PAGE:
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6: The Body Politic, 1828-1865

  • Page ID
    • Angela L Miller, Janet Catherine Berlo, Bryan J Wolf, and Jennifer L Roberts
    • Washington University in St. Louis, University of Rochester, Stanford University and Harvard University

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    DURING THE DECADES from the election of Andrew Jackson to the presidency in 1828 until the outbreak of the Civil War (1861), a period known as the antebellum years, the visual arts played an active role in shaping national identity. By "arts," we mean something more than painting and sculpture. We also include the buildings people made; the homes they lived in; the goods they created; and the styles they enjoyed. Art helped people express their values, share their visions, and comment on the issues of the day. Prints and paintings represented scenes of everyday life not necessarily as it was, but as it was imagined. Images in almanacs and newspapers showed readers what people from other regions of the country looked like. Artists created recognizable types and stereotypes; they engaged with politics and contemporary social issues. In an age of extraordinary social transformation-as increasing numbers of Americans were moving from fanµs to cities; as industrialization proceeded at alarming speeds; as new technologies such as the telegraph and the cotton gin and new transportation systems such as the train and steamboat transformed the pace of daily life; as the gap between workers and managers widened; as the numbers of immigrants, especially non-Protestant immigrants, increased dramatically; as the problem of slavery grew intractable; and as regional tensions between North, South, and West intensified-artists sought to bind society's many disparate parts together.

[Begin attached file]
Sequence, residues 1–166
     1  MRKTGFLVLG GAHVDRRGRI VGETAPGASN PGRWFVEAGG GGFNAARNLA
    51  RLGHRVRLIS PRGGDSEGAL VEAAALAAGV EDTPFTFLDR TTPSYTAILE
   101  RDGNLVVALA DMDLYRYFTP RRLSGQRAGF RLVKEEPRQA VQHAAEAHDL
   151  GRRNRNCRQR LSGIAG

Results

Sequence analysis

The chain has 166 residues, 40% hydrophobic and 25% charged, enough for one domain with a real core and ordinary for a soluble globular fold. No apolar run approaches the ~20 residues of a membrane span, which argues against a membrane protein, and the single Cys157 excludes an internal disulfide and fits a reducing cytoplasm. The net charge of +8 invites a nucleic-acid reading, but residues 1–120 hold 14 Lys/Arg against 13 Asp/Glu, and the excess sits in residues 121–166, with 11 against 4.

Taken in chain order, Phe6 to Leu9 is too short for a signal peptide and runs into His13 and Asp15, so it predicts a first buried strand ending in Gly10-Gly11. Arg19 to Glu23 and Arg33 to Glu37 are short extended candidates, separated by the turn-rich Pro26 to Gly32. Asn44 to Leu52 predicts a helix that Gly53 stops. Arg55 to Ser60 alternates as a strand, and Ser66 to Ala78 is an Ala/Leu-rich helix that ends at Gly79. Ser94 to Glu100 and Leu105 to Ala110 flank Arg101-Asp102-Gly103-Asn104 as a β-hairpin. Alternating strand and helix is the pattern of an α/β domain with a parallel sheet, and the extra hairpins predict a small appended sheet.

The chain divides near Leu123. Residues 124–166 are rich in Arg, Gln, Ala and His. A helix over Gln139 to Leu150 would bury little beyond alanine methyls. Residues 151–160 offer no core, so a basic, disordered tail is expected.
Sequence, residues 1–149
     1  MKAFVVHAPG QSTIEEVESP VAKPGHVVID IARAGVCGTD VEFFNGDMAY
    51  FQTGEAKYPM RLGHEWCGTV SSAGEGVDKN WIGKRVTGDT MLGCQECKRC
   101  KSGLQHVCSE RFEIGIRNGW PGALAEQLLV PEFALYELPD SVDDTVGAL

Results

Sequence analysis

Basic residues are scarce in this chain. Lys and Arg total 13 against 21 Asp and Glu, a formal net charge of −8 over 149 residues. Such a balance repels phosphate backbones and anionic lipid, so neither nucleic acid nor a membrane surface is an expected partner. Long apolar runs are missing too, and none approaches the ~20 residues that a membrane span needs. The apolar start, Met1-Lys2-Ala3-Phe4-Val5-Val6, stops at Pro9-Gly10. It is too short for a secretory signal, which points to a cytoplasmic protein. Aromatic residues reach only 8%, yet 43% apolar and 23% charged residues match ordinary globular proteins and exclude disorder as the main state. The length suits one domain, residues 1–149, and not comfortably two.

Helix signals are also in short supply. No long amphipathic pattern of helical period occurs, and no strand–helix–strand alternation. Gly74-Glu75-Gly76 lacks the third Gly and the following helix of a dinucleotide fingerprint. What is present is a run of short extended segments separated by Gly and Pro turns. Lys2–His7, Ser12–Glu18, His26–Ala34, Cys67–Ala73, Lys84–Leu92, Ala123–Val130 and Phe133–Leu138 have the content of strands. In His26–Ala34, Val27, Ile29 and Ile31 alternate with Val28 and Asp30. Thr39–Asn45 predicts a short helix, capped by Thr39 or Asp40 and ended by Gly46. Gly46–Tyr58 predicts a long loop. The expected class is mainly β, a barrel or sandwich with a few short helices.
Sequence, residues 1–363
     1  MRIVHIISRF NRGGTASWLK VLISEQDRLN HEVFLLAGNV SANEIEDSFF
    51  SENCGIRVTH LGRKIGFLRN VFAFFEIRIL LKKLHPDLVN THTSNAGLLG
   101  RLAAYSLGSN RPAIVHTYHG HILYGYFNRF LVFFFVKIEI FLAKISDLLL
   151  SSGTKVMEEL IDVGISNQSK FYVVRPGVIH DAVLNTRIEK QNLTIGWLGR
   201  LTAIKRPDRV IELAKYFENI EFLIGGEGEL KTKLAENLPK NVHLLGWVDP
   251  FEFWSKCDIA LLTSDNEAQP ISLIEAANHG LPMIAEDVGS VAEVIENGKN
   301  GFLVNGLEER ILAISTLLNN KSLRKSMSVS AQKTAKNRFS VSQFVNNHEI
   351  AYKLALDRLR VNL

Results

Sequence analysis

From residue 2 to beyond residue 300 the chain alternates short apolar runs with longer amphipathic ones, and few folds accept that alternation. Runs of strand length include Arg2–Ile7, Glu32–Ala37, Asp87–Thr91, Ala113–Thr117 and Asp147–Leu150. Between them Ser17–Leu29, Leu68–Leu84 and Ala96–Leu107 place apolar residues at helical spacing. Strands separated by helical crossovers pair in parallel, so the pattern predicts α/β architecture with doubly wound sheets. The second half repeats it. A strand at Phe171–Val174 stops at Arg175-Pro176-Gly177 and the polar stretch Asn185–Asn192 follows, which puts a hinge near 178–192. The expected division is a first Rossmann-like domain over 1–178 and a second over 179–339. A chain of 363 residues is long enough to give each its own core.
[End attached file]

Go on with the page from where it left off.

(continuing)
Thumbnail: JAMES JOHN AUDUBON, The Carolina Parakeet, 1825. Watercolor. New-York Historical Society.

    This page titled 6: The Body Politic, 1828-1865 is shared under a CC BY-NC-SA 4.0 license and was authored, remixed, and/or curated by Angela L Miller, Janet Catherine Berlo, Bryan J Wolf, and Jennifer L Roberts.

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